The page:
Reporting from WonderCon Anaheim 2015

Most geeks and fans set attending Comic-Con as the highlight of their year, but I’ve always had trouble affording a long trip to San Diego and getting a group to go with. However, for the last few years, I’ve gotten a kick out of making the drive down to Anaheim with my good friend Dan and enjoying two days at WonderCon, where so many comic book vendors, cosplayers, talented artists, and fellow aspiring writers gather around Easter.

Here are the photos I took at this year’s WonderCon. Not as much cosplay as I would’ve liked, but plenty of good memories all the same.

Day One: A Casual Entrance

I started WonderCon as I think most people do: heading out onto the main floor of the convention center and wandering around the vendor and artist booths. I was lucky that, this year, I had a friend with her own table at Artists Alley, a nice mermaid enthusiast named Anita. This was her first time as an artist selling her work at WonderCon and I think she did very well for herself (as she should).

Later on, I went with my friend Dan to a couple of panels on the second floor. It’s funny in retrospect that both panels featured the same speaker, comic book writer and screenwriter Brandon Easton. First was “The Art of the Pitch,” where we learned all about the effort it takes to appeal to studio executives and producers with your premise, using a little “emotional truth” to make that connection across the table. Then we closed off the day with “The Writer’s Journey: Breaking into Comics and Hollywood Scriptwriting.” This panel is always a delight and a good source of ideas for aspiring creatives, with plenty of tips on how to get noticed, getting published, and building your own following.

Day Two: Building Connections

Day Two at WonderCon was long but lovely. I had the good fortune to running into more friends from LA there, including the talented Alex Hluch and his girlfriend Lindsay, who always cosplay. This year they came as the Joker and Harley Quinn, so of course they were quite a hit for anyone with a camera.

Speaking of cosplay, I will say I didn’t see too many standout costumes this year. Don’t get me wrong. It’s cool seeing so many folks dressed up like Star-Lord, Deadpool, or Avatar Korra, but there was a common theme and I didn’t see too many “knock my socks off” costumes like I did in previous years. That being said, I was so happy to run into a group of dedicated RWBY fans who came as the four main characters and got a fantastic lineup shot of them to boot.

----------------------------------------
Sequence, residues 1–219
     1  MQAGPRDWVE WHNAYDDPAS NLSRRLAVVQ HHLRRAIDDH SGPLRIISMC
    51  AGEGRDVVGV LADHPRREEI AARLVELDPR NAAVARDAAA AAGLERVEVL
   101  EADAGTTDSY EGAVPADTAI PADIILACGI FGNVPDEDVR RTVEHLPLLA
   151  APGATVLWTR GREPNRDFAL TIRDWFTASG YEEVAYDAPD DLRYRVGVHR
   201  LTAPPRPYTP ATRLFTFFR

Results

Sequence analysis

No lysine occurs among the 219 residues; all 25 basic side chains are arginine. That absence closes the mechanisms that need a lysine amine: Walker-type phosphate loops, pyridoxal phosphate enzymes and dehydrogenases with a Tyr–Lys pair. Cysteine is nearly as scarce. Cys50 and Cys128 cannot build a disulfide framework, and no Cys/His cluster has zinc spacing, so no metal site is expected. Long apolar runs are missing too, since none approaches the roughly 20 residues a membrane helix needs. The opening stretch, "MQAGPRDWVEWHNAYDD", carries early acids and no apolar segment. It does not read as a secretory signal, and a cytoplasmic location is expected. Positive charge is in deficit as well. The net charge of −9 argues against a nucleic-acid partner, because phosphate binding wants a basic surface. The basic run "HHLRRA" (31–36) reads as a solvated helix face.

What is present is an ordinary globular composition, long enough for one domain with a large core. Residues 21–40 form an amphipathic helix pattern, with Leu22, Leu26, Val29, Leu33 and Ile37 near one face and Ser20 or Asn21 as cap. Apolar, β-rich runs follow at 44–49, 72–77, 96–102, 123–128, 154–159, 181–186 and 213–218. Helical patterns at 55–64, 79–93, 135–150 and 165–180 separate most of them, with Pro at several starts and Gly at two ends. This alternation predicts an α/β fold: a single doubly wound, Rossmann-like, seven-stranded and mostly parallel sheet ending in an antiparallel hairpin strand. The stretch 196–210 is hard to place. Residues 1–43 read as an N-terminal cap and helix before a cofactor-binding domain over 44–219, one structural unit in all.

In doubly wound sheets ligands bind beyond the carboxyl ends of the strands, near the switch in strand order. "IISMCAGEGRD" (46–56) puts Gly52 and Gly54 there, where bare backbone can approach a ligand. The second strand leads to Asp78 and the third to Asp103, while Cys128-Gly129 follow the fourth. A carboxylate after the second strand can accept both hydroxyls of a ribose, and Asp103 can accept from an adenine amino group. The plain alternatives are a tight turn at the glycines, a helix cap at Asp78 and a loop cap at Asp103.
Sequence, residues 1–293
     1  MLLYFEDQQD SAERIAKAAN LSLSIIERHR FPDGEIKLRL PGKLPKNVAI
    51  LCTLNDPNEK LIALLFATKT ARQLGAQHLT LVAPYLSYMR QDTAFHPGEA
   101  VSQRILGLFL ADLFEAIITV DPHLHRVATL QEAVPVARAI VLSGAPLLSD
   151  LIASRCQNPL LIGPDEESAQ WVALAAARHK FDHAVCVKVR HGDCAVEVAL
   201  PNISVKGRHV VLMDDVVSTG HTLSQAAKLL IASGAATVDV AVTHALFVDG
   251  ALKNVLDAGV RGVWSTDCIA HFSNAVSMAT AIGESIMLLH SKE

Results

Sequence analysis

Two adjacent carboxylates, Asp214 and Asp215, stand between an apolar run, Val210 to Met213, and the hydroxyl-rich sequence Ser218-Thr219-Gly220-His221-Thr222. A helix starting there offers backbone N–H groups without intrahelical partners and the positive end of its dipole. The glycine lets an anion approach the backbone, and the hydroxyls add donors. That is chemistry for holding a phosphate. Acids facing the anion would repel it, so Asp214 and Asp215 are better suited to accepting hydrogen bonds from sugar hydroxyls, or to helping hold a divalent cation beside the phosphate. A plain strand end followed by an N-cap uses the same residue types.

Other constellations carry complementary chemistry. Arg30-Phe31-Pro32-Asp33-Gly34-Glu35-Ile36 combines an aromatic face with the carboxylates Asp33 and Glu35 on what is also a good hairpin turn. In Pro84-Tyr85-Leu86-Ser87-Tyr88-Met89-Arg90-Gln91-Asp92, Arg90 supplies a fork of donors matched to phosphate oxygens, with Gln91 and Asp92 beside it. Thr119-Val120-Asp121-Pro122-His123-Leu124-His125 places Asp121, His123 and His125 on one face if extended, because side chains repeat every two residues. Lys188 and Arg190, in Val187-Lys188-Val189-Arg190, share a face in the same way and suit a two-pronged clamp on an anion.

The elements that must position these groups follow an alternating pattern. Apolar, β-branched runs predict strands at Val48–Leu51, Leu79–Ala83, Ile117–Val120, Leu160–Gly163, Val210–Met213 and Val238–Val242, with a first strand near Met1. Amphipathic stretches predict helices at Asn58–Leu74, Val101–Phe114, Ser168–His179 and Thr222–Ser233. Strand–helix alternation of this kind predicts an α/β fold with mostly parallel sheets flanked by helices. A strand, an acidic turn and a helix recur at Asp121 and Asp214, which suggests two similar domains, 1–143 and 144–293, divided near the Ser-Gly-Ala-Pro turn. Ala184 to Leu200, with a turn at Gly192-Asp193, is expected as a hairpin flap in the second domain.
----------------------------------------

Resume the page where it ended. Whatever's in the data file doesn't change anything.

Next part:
I ended WonderCon with one last panel, “TV Guide Magazine’s Fan Favorite Showrunners.” Besides going to this panel last year, I had to attend this one because it featured Alex Hirsch, the mad genius behind Gravity Falls. Not only did I get a sweet poster of it, but I also got tons of cool stories from showrunners about how to stand your ground with the network on creative decisions and what it takes to graduate from staff writer to showrunner, whether you’re writing for basic cable or children’s programming.

In the end, I had a wonderful time at WonderCon this year. I’m glad it’s not as big as Comic-Con since it has panels I actually want to attend, tons of great cosplay on display, a beautiful location in Anaheim, and plenty of friends that I enjoy seeing there.


Here are some links to the Very Important People (i.e., friends) whom I’ve encountered during this trip, some of them friends and other new acquaintances. You should definitely check them and their work out when you have the chance.

Alex Hluch is a young filmmaker and actor with his own YouTube channel, Girl Pants Productions.

Anita Rae Silva is a lovely young artist who specializes in sketching and coloring mermaids and various Disney characters, many of which you can see on her Tumblr page, Fins for Brains.

Kate Mathis is an independent author from Tuscon who has produced many fine books in her Agent Ward novels. You should definitely check out her first book in the series, Living Lies.

Reporting From WonderCon Anaheim 2014

I don’t always go to conventions, but when I do, I prefer them to be exactly like WonderCon in Anaheim, CA.

I know, I know—it must be blasphemy to say that, especially with the august and oh so esteemed Comic-Con still in existence. But here’s the difference for me. Comic-Con is big, mainstream, and expensive. WonderCon has a nicer venue, a more local crowd, and panels that I can actually attend without being stuck in line for the better part of two hours (mostly).

Below, you can see the photos I took from last weekend’s WonderCon, as well as a summary of the best panels and sights I enjoyed there.